Thursday, July 17, 2008

Merrill Lynch posts big loss, reassures account holders with formal statement and publication


Since I use Merrill Lynch for some cash and retirement portfolio management myself, I was alarmed when I heard that the brokerage house today posted a second quarter $4.9 billion loss.

The company today posted a PDF “Why Your Accounts Are Safe at Merrill Lynch,” at this URL.

The paper discusses several issues. First, there is “safe securities holding practices,” including physical holding of the securities at Depository Trust Company.

The main issue, of course, is separation from individual accounts (cash management accounts and IRAs of various kinds) from the investment bank’s own assets. There is a mechanism provided by the Securities Investor Protection Corporation (SIPC). “SIPC funds are available to make up for any shortfall in client assets that the broker-dealer was required to maintain” up to $500,000 per client, outside of cash, which itself is insured in a customary and familiar manner by the FDIC for up to $100000 per account.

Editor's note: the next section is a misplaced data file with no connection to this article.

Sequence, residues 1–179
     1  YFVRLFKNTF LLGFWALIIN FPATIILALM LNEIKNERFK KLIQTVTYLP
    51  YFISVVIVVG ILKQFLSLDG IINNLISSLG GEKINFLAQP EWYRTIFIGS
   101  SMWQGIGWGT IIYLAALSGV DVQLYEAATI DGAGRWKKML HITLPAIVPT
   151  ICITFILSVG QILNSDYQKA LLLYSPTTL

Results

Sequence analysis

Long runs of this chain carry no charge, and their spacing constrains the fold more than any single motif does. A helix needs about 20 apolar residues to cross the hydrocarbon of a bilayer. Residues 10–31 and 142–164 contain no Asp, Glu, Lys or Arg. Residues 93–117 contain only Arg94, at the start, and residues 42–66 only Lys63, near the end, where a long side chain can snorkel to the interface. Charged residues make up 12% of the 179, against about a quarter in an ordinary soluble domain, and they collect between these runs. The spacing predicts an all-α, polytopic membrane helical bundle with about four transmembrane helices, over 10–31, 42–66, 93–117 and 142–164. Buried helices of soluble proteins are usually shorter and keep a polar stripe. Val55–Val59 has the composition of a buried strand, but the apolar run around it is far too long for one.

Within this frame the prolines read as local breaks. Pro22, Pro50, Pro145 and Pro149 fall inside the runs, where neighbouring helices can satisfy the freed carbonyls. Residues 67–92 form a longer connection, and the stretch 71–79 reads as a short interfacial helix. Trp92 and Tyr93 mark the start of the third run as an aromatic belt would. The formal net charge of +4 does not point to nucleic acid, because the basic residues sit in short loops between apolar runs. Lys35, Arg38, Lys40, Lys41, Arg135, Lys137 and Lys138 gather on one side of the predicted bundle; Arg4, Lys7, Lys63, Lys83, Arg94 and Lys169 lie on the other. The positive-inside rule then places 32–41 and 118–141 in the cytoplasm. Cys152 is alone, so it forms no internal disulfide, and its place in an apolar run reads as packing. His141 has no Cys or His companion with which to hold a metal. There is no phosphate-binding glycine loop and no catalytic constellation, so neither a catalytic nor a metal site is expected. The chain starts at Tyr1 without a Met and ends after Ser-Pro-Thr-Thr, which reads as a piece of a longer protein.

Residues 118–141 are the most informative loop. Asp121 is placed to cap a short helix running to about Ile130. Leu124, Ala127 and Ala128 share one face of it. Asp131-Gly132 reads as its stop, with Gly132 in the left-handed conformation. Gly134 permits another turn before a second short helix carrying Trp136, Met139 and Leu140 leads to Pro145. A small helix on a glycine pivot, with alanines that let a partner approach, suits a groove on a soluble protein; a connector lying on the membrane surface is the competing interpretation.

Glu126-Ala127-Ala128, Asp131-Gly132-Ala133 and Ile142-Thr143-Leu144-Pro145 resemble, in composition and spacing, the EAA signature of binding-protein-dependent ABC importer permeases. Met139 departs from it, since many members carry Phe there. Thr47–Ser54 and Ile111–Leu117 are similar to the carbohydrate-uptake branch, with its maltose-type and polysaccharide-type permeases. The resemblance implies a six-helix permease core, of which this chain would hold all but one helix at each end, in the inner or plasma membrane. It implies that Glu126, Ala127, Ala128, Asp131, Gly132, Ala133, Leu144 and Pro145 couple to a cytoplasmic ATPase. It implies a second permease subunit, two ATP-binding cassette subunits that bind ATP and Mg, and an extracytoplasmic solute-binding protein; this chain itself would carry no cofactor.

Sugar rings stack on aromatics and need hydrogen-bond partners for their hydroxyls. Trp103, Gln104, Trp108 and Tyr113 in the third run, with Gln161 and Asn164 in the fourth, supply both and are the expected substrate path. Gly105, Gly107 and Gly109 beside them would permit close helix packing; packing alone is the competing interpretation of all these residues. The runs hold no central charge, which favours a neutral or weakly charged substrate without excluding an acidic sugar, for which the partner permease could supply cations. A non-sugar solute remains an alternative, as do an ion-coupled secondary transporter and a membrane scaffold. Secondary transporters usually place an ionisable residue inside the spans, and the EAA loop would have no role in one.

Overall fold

The company today (July 17, 2008) also posted a pseudo-pop-up for account holders that says “We've recently announced the sale and expected sale of non-core assets such as Bloomberg, L.P., and the capital raised in aggregate from these deals is approximately $8 billion. We have record excess liquidity of approximately $92 billion (at June 27, 2008)--up significantly from the first quarter of 2008.” Major media outlets and wire services (like the AP) will carry various versions of this story.

None of this contradicts the fact that the securities themselves in an account are generally not insured, and that their value rises and falls according to the market.

When I was working for Chilton Corporation (credit reporting company) in Dallas in the 1980s, it was bought by Borg-Warner which in turn was bought by Merrill Lynch Capital Partners in a leveraged buyout in 1987. At the time, the bottom line demands on the company were stressful for the company and employees, until Chilton was finally sold to TRW in 1989 (to eventually be spun off as Experian -- much of which is still in the Dallas area, ironically). But management, for over a year, talked about "Merrill Lynch" as their owners as they felt pressured to make "Merrill Lynch" happy. Even then I had started my CMA. What goes around comes around.

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